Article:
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SCIENTIST SAYS LEAD POLLUTION MOST PREVALENT ENVIRONMENTAL DISEASE
AMONG AMERICAN PEOPLE

A senior scientist for the Environmental Defense Fund (EDF) said the
U.S. Environmental Protection Agency's (EPA) proposed maximum
permissible levels of lead in drinking water should be cut in half,
from 20 parts per billion (ppb) to 10 ppb. The current EPA standard is
50 ppb. The new standard is scheduled to be put into effect by 1988 but
would not be enforceable by states until 18 months later.

Dr. Ellen K. Silbergeld of EDF says a majority of Americans now have
amounts of lead in their bloodstreams that are higher than the level
considered dangerous to health. She said drinking water accounted for
about 40% of the blood lead levels, with the rest coming from gasoline
fumes and other pollution, lead in the soil, paint and other materials.
Dr. Silbergeld called lead poisoning "our most prevalent environmental
disease."

The director of the drinking water office of the EPA said that, in
light of several studies that suggest that lead at levels lower than 20
parts per billion could result in some adverse health effects, the
agency is reanalyzing its data and considering an even tougher
standard. The president of the Lead Industries Association calls the
EDF talk of a lead epidemic "irresponsible and self-serving," saying
other civilized countries considered 50 to 100 parts per billion
safe.

--Peter Montague

=====

FDA REJECTS CONSUMER GROUP'S REQUEST FOR BAN OF NUTRASWEET

The U.S. Food and Drug Administration (FDA) has rejected a petition by
the consumer group, Consumer Nutrition Institute, to ban the artificial
sweetener, Nutrasweet (aspartame) because of concerns for public
health. In July, 1986 the consumer group said that 80 Nutrasweet users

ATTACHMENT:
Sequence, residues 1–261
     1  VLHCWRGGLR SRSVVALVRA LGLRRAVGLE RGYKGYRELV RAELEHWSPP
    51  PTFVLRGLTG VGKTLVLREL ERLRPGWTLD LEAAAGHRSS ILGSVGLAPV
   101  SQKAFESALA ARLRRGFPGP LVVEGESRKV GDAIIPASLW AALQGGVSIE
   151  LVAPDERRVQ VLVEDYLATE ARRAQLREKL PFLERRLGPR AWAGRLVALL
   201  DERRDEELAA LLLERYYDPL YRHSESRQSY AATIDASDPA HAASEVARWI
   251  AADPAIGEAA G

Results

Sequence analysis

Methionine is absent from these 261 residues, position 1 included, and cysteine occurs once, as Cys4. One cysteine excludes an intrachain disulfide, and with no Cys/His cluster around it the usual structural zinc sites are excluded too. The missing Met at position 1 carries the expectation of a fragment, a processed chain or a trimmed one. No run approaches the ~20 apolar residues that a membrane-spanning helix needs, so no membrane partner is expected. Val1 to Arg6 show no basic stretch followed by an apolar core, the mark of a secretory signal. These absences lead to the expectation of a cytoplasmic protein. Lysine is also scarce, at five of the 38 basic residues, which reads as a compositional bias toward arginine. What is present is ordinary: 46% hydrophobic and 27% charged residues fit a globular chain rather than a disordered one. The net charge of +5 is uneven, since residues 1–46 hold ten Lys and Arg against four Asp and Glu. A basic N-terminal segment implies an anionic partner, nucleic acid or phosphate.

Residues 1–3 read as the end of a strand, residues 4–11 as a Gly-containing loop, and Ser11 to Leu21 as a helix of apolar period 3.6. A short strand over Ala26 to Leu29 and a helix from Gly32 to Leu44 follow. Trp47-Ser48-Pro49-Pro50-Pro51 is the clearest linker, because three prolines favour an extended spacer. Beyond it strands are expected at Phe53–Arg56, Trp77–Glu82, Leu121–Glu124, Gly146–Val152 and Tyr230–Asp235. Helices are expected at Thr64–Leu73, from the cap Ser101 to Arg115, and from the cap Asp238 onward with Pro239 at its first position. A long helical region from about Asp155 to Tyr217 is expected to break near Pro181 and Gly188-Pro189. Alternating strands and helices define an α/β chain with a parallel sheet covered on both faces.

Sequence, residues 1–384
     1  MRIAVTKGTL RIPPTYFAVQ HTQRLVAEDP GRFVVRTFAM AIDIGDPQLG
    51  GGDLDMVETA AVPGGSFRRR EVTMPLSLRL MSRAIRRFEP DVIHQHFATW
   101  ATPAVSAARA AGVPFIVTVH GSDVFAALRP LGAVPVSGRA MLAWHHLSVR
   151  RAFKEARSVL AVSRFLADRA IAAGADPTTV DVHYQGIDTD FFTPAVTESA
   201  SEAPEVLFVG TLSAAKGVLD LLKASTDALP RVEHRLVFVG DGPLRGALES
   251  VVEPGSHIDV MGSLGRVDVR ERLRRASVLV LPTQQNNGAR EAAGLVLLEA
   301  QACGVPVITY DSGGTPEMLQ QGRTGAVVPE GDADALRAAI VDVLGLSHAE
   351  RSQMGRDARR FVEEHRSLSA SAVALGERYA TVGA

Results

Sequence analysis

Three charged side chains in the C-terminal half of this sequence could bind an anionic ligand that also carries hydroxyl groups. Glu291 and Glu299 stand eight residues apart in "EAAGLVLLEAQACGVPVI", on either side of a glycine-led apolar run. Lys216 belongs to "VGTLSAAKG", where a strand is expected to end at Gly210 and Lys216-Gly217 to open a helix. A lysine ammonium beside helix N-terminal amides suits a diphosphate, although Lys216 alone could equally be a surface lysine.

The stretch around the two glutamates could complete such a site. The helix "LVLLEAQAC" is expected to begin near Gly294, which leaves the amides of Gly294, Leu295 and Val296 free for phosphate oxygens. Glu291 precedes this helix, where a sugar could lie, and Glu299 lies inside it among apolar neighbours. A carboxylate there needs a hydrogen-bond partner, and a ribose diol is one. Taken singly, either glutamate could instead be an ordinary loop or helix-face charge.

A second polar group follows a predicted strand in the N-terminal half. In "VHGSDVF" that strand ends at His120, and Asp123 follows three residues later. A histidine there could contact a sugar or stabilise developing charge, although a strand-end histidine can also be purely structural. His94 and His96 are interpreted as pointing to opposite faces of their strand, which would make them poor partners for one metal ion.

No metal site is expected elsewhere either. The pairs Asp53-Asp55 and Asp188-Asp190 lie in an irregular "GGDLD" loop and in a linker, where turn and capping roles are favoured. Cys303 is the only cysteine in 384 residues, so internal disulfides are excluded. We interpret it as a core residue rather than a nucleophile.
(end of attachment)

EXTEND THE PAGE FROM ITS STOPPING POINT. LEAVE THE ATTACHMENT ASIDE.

had suffered epileptic seizures. In Oct. 1986 the complaint also cited
more than 60 people who reported eye damage after using the
sweetener.

--Peter Montague

=====

FDA REJECTS CONSUMER GROUP'S REQUEST FOR BAN OF NUTRASWEET

The U.S. Food and Drug Administration (FDA) has rejected a petition by
the consumer group, Consumer Nutrition Institute, to ban the artificial
sweetener, Nutrasweet (aspartame) because of concerns for public
health. In July, 1986 the consumer group said that 80 Nutrasweet users
had suffered epileptic seizures. In Oct. 1986 the complaint also cited
more than 60 people who reported eye damage after using the
sweetener.

--Peter Montague

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Descriptor terms: disease; us; lead; blood; drinking water; air
pollution; automobiles; edf; ellen silbergeld; lead industries
association; epa; regulations; enforcement; fines; probation; water
pollution; spills; cobalt; ca; radioactivity; ca; nj; nuclear
regulatory commission; irradiation; international nutronics; coverups;
fraud; wildlife; fish; striped bass; bans; fda; nj; american eel; white
perch; bluefish; pcbs; food safety; catfish; fda; consumers; bans;
public health; seizures; aspertame; consumer nutrition institute; food
safety; nutrasweet; epilepsy; acid rain; air pollution; vegetation;
forests; sugar maple trees; ny; vt; canada; standards; emissions;
sulfur dioxide; coal; ronald reagan;